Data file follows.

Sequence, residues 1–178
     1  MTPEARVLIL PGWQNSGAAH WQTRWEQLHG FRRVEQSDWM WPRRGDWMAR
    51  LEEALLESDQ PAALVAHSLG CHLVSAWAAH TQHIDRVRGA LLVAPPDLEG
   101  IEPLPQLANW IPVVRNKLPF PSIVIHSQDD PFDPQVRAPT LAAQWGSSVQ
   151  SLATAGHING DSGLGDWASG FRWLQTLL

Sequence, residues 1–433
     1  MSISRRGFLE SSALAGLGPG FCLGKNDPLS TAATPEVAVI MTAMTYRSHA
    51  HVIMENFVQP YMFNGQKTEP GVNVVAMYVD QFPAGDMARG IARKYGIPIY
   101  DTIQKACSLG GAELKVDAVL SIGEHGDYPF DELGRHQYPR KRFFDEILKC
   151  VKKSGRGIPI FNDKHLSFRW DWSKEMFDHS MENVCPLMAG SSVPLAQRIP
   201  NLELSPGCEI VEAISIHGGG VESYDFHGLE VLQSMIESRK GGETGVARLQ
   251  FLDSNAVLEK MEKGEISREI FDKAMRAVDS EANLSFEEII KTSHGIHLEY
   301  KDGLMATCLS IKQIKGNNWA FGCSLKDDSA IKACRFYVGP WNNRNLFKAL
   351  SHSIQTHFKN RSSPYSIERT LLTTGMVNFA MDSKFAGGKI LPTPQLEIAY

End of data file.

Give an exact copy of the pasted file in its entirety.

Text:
Sequence, residues 1–178
     1  MTPEARVLIL PGWQNSGAAH WQTRWEQLHG FRRVEQSDWM WPRRGDWMAR
    51  LEEALLESDQ PAALVAHSLG CHLVSAWAAH TQHIDRVRGA LLVAPPDLEG
   101  IEPLPQLANW IPVVRNKLPF PSIVIHSQDD PFDPQVRAPT LAAQWGSSVQ
   151  SLATAGHING DSGLGDWASG FRWLQTLL

Sequence, residues 1–433
     1  MSISRRGFLE SSALAGLGPG FCLGKNDPLS TAATPEVAVI MTAMTYRSHA
    51  HVIMENFVQP YMFNGQKTEP GVNVVAMYVD QFPAGDMARG IARKYGIPIY
   101  DTIQKACSLG GAELKVDAVL SIGEHGDYPF DELGRHQYPR KRFFDEILKC
   151  VKKSGRGIPI FNDKHLSFRW DWSKEMFDHS MENVCPLMAG SSVPLAQRIP
   201  NLELSPGCEI VEAISIHGGG VESYDFHGLE VLQSMIESRK GGETGVARLQ
   251  FLDSNAVLEK MEKGEISREI FDKAMRAVDS EANLSFEEII KTSHGIHLEY
   301  KDGLMATCLS IKQIKGNNWA FGCSLKDDSA IKACRFYVGP WNNRNLFKAL
   351  SHSIQTHFKN RSSPYSIERT LLTTGMVNFA MDSKFAGGKI LPTPQLEIAY